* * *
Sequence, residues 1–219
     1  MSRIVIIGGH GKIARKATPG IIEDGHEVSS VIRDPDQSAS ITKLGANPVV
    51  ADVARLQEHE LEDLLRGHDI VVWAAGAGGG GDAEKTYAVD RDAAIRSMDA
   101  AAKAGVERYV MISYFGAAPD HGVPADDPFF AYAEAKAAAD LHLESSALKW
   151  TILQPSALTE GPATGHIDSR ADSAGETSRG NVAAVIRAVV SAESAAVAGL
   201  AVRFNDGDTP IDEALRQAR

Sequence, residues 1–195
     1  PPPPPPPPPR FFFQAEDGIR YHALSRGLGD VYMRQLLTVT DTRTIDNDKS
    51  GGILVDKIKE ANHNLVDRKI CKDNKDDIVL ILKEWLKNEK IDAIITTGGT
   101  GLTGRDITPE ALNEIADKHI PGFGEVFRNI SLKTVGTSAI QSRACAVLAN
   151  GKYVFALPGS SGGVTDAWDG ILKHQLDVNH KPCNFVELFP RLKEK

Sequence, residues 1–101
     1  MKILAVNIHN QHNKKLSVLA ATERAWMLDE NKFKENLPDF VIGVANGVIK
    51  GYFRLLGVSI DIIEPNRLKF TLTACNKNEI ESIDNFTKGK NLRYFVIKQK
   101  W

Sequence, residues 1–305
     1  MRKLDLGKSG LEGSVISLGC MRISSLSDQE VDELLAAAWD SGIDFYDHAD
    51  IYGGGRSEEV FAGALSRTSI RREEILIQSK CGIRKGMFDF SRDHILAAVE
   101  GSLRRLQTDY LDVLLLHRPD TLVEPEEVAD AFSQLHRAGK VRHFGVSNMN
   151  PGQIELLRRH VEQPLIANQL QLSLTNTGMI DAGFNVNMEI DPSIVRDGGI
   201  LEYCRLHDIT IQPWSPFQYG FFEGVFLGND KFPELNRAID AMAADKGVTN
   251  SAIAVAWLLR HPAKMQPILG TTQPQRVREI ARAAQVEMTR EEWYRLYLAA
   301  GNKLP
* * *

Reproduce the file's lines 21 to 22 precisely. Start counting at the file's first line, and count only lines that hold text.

   201  LEYCRLHDIT IQPWSPFQYG FFEGVFLGND KFPELNRAID AMAADKGVTN
   251  SAIAVAWLLR HPAKMQPILG TTQPQRVREI ARAAQVEMTR EEWYRLYLAA